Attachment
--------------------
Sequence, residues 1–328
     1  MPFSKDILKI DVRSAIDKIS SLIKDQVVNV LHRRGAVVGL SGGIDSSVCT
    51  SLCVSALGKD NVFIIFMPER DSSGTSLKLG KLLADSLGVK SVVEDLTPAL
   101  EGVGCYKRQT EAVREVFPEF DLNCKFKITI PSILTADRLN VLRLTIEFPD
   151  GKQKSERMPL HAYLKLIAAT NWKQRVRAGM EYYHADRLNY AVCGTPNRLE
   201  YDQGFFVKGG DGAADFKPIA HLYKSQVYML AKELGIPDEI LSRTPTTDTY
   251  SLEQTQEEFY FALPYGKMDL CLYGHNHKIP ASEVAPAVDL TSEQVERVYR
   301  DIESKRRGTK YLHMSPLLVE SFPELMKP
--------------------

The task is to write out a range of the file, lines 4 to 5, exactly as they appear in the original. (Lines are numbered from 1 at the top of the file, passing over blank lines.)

   101  EGVGCYKRQT EAVREVFPEF DLNCKFKITI PSILTADRLN VLRLTIEFPD
   151  GKQKSERMPL HAYLKLIAAT NWKQRVRAGM EYYHADRLNY AVCGTPNRLE